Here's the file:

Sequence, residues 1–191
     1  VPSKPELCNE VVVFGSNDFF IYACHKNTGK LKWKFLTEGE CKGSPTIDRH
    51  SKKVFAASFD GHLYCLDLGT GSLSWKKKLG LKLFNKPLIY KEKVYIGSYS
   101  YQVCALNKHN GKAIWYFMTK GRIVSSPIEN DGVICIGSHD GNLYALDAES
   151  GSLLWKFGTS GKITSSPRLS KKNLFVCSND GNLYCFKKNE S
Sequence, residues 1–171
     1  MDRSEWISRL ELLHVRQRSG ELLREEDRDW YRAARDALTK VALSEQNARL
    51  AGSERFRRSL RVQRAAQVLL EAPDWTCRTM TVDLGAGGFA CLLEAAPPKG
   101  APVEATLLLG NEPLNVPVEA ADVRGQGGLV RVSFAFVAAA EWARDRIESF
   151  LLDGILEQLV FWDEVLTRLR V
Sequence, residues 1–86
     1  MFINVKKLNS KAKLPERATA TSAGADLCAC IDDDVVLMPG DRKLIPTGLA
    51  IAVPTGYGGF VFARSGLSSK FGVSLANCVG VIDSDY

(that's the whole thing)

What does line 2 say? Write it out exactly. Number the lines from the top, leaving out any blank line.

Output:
     1  VPSKPELCNE VVVFGSNDFF IYACHKNTGK LKWKFLTEGE CKGSPTIDRH